Live updates: COVID-19 cases near 11,000 in Georgia, including 247 in Hall
Deaths top 400
Full Story
By allowing ads to appear on this site, you support the local businesses who, in turn, support great journalism.
South Georgia students come to Chestatee High
A group of students from Appling County High School, background, listens as Dana Richardson teaches an AP English and Composition class at Chestatee High School. - photo by Tom Reed

Before Tuesday, Hall County might as well have been in another state for many of the visiting teenagers.

Venturing four to five hours from their home in rural southeast Georgia, the Appling County High School sophomores got to see a faster pace of life — especially traveling through Atlanta — but also heightened educational opportunities.

Their two-day trip ended with a visit to Chestatee High School in northwest Hall.

“It’s good to see a school that’s maybe 50 kids larger than us and they have so many (Advanced Placement) classes, and that just shows that we can do it too,” said student Madeline Rentz.

The students’ trip was organized by Pam Williams, Georgia’s 2011 teacher of the year and now an instructional support specialist at Appling County High.

“We want our children at our school to be equipped to get into any university of their choice, to prepare for whatever their life is after high school,” she said.

“We may offer more courses that offer more rigor, which is what our major universities are looking for, but getting our students to stick it out ... has proven to be a little bit of a problem,” Williams said.

Students get into the classes and realize they might be in over their head, then opt for non-AP classes, she said.

“Then, they get to their senior year and they’re applying to get into some of the more competitive universities, and they don’t get accepted,” Williams said.

With the “Sophomore Project,” she hopes to reverse that trend, starting with exposing high-achieving 10th-graders to the challenging course offerings at schools in the Atlanta area.

“Hopefully, by letting them meet some of their counterparts in schools that offer a lot of these rigorous classes, they can see ... some of the kids they’re being compared to,” Williams said.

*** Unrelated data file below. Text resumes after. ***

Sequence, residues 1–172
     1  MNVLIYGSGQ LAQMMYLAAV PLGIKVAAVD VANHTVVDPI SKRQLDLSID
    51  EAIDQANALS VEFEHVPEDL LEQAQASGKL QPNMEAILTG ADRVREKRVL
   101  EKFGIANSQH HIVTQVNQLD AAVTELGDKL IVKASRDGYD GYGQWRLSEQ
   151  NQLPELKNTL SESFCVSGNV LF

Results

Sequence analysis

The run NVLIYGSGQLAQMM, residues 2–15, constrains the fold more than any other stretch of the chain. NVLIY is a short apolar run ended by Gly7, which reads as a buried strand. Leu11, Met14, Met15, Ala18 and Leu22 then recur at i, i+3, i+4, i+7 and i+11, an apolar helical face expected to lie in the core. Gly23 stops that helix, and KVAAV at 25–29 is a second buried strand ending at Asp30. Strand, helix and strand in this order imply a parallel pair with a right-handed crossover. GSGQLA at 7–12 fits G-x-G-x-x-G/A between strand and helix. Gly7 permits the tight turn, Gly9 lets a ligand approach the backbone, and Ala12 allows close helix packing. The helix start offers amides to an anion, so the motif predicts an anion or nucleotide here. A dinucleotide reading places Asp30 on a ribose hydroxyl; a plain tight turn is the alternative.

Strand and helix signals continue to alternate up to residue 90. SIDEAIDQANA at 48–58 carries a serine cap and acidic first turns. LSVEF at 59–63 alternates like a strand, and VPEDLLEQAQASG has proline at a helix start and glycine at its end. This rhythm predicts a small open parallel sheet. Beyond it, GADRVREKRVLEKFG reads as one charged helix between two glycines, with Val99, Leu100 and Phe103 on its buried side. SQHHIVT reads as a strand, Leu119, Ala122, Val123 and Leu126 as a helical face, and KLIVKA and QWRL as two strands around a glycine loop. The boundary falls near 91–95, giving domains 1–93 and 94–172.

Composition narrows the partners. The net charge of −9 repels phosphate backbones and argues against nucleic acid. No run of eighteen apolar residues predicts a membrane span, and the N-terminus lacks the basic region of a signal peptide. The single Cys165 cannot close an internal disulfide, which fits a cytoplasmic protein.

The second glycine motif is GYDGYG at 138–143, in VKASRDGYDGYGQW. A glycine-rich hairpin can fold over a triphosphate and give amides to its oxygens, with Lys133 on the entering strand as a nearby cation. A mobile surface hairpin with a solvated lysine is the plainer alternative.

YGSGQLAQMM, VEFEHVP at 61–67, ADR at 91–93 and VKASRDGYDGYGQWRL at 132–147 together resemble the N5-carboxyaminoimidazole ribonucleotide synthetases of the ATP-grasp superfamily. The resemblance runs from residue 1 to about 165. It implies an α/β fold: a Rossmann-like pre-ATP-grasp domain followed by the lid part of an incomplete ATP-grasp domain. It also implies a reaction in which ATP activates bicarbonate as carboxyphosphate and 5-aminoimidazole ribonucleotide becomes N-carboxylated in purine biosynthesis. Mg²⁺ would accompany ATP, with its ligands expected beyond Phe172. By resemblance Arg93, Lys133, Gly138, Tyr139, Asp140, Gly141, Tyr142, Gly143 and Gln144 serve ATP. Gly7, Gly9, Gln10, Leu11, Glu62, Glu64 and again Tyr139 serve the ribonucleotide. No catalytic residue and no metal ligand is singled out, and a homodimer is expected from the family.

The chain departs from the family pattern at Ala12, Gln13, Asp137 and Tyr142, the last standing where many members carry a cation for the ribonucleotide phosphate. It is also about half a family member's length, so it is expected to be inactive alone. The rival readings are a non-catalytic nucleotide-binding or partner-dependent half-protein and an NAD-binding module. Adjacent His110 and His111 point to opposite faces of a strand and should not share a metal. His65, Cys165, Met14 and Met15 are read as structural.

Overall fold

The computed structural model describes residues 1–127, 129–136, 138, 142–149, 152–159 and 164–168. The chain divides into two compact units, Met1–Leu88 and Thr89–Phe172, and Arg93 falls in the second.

She said that in setting her itinerary for the trip, she asked the Georgia Partnership for Excellence in Education in Atlanta to recommend schools “that are doing some amazing things.”

Several were suggested, but Forsyth Central and Chestatee high schools “worked within our time frame,” Williams said.

“The kids are just amazed at the things they’re getting to see,” she added.

The group, including 19 students and social studies teacher Wendy Powell, spent Monday evening visiting Georgia State University and Georgia Tech in Atlanta, eating dinner in Atlanta and then traveling to Cumming.

After a morning at Forsyth Central, the group arrived at Chestatee and immediately went into a session featuring five of Chestatee’s top students — Casey Atkins, Melanie Smith, Fernanda Arcaraz, Erika Alcantar and Andrew Barnett.

The Chestatee students shared personal academic experiences, including with AP, and how they have juggled classes and extracurricular activities. They also talked about their plans after high school.

“If you’re going to college, you need to take AP classes,” Atkins told the group.

The Appling and Chestatee students then mingled for a while before the Appling students divided into groups and visited different AP classes.

Chelsey White, sitting in Dana Richardson’s AP English literature and composition class, said she appreciates the Sophomore Project.

“It’s nice to come and learn new stuff to take back to (our school), so we can better our classes and help us get further in our education,” she said. “This is a very enlightening experience for us, as sophomores.”

Friends to Follow social media